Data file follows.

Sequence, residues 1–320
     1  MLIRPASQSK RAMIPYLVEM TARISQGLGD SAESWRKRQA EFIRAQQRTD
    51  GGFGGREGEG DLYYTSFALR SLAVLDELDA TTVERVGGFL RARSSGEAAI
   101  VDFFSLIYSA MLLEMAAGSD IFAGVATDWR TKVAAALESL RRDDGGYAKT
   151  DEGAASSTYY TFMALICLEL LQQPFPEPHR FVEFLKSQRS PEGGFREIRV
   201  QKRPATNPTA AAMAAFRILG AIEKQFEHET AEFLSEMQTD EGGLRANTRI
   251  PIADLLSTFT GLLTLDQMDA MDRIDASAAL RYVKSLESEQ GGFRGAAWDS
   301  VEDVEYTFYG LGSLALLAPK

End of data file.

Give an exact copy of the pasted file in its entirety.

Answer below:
Sequence, residues 1–320
     1  MLIRPASQSK RAMIPYLVEM TARISQGLGD SAESWRKRQA EFIRAQQRTD
    51  GGFGGREGEG DLYYTSFALR SLAVLDELDA TTVERVGGFL RARSSGEAAI
   101  VDFFSLIYSA MLLEMAAGSD IFAGVATDWR TKVAAALESL RRDDGGYAKT
   151  DEGAASSTYY TFMALICLEL LQQPFPEPHR FVEFLKSQRS PEGGFREIRV
   201  QKRPATNPTA AAMAAFRILG AIEKQFEHET AEFLSEMQTD EGGLRANTRI
   251  PIADLLSTFT GLLTLDQMDA MDRIDASAAL RYVKSLESEQ GGFRGAAWDS
   301  VEDVEYTFYG LGSLALLAPK